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Niki Lauda continued his World Championship winning form in the early races of 1976, and by mid-season a second title seemed assured. Then, on the second lap of the German Grand Prix at the Nurburgring, he crashed heavily at Bergwerk and his car burst into flames. Severely injured and badly burned, he was given the last rites in hospital. But Lauda staged a miraculous recovery, and although badly scarred, he was racing again within five weeks at the Italian GP.
It had already been an acrimonious season of disqualifications and appeals by the time of the accident, with James Hunt a constant thorn in Ferrari’s side. In Spain Hunt controversially ended a run of five Ferrari victories when his McLaren was originally disqualified on a technicality but later reinstated. Then he won in Britain, before race officials ruled that he should not have participated in the restarted race after his car had been damaged in a multiple first corner accident.
Hunt had closed the gap by the time of Lauda’s return and he was just three points behind before the last round in Japan. In appallingly wet and dangerous conditions Lauda withdrew, believing his life to be more important than just another championship win. Even then, Hunt appeared to have lost the title in the confusing final laps only to learn that he had finished third – enough to become 1976 World Champion.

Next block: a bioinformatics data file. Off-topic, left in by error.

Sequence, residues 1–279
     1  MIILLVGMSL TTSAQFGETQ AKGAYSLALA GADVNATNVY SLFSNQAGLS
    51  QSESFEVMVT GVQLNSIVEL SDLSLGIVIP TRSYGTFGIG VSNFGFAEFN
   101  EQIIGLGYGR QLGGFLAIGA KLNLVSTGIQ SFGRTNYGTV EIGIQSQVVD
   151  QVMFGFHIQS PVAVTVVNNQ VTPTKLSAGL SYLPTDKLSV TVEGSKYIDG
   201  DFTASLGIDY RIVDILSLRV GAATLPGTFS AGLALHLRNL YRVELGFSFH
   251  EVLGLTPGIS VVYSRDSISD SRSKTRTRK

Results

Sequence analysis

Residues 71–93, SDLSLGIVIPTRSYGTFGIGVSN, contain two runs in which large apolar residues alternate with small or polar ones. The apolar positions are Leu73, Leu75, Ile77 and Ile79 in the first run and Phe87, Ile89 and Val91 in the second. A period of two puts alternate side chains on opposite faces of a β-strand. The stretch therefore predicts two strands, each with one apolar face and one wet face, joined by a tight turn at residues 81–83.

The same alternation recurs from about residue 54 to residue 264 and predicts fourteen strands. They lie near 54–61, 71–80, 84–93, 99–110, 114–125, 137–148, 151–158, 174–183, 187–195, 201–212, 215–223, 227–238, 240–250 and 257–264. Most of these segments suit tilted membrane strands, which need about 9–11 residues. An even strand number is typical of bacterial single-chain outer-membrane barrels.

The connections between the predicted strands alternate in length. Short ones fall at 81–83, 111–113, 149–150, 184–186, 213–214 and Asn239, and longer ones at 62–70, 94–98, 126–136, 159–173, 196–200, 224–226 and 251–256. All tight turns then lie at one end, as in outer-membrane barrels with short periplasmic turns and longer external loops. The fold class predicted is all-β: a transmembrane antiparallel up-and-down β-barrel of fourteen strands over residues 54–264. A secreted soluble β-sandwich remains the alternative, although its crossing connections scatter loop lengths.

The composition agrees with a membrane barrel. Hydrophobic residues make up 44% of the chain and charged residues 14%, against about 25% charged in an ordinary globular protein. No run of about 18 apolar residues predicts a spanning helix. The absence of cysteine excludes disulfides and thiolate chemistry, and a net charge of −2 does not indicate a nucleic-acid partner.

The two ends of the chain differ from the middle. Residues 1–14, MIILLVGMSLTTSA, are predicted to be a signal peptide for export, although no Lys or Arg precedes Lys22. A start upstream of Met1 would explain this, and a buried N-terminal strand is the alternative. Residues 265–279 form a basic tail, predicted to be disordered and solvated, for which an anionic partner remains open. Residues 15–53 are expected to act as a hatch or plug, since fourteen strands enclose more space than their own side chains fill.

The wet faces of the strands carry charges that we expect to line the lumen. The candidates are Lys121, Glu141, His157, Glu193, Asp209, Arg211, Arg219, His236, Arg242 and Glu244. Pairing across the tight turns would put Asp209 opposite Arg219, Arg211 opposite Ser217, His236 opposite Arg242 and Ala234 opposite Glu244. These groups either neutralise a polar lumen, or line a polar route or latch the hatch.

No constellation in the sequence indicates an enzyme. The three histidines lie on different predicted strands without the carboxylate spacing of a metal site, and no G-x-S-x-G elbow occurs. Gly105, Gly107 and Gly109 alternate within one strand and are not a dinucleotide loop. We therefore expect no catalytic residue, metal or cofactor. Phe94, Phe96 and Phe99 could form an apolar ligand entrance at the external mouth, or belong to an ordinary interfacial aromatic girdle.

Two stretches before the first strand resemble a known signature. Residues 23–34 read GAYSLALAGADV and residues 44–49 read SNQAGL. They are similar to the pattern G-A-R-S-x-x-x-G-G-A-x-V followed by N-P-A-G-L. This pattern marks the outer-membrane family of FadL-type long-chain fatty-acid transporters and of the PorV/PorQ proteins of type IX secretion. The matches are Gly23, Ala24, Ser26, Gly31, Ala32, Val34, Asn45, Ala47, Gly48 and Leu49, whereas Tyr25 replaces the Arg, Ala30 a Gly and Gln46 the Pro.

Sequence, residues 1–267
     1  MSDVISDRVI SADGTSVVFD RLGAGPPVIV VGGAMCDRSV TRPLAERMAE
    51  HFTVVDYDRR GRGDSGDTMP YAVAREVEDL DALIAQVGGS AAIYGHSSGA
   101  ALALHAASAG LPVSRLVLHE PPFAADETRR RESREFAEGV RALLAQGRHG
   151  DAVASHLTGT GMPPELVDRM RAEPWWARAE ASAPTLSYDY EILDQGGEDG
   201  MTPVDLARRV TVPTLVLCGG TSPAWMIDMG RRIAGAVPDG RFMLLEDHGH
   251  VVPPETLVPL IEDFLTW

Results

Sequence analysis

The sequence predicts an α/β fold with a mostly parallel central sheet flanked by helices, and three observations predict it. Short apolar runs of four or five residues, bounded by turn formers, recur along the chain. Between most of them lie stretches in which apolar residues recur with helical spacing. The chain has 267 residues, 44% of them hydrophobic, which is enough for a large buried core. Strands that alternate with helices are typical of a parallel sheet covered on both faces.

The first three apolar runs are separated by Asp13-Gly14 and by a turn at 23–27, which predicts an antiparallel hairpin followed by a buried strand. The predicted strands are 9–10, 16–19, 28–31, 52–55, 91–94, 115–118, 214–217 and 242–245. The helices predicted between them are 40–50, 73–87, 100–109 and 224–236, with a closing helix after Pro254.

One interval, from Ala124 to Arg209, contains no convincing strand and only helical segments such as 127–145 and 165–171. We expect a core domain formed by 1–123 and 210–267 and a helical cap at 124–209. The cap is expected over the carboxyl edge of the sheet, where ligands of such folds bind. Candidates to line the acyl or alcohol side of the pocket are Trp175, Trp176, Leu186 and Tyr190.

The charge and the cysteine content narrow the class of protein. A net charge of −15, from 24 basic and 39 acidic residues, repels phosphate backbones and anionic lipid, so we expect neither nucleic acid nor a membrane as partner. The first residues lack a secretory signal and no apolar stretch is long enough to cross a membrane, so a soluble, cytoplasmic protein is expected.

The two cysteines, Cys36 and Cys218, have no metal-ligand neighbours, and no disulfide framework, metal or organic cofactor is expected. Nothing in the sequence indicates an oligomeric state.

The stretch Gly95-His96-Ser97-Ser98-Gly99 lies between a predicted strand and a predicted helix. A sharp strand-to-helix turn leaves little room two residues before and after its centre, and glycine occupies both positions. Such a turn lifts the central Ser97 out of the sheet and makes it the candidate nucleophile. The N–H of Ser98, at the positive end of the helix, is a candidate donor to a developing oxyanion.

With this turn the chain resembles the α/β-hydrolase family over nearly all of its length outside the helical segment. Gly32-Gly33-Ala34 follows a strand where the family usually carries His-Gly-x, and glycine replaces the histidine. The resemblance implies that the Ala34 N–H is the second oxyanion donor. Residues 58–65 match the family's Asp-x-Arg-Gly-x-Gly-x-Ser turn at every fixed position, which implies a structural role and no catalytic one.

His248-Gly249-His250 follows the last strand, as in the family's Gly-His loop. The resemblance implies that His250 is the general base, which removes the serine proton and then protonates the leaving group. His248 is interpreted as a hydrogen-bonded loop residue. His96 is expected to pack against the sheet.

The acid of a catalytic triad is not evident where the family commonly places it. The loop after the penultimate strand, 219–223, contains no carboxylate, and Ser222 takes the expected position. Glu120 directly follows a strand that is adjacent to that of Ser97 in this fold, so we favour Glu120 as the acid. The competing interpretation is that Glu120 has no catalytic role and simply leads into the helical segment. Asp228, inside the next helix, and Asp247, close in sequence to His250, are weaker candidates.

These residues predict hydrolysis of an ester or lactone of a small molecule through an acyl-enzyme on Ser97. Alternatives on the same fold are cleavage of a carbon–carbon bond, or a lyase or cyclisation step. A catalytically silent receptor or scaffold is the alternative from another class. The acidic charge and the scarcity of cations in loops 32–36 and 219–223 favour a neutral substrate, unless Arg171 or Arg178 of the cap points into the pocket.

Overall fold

Although overshadowed by the championship finale, the Japanese GP also saw Mario Andretti return an improving Lotus team to the winner’s circle. With Lauda temporarily sidelined, Ferrari signed Carlos Reutemann from the disappointing Brabham-Alfa Romeo team. But Reutemann made just one appearance for Ferrari before Lauda’s return. Ferrari’s only other win had come early in the year when Clay Regazzoni won the first Formula 1 race around the streets of Long Beach, California.
All in all it had been a remarkable season. Hunt’s opportunity at McLaren only came when Emerson Fittipaldi decided to race for his family’s team, a decision that prematurely halted his career as a top-line F1 driver. Fittipaldi suffered five more mediocre seasons in F1, but returned to form after later coming out of retirement to race Champ Cars.
Tyrrell introduced the radical six-wheel P34, which used four small front wheels to improve frontal aerodynamics. Although Jody Scheckter and Patrick Depailler finished first and second in Sweden, the car did not win again and was replaced by a conventional design after two seasons.
Ronnie Peterson quickly grew frustrated with Lotus and returned to March after just one race, bringing that team a victory at Monza. John Watson scored Penske’s only win at the Austrian GP in a victory that cost Watson his beard – the result of a bet with team owner Roger Penske.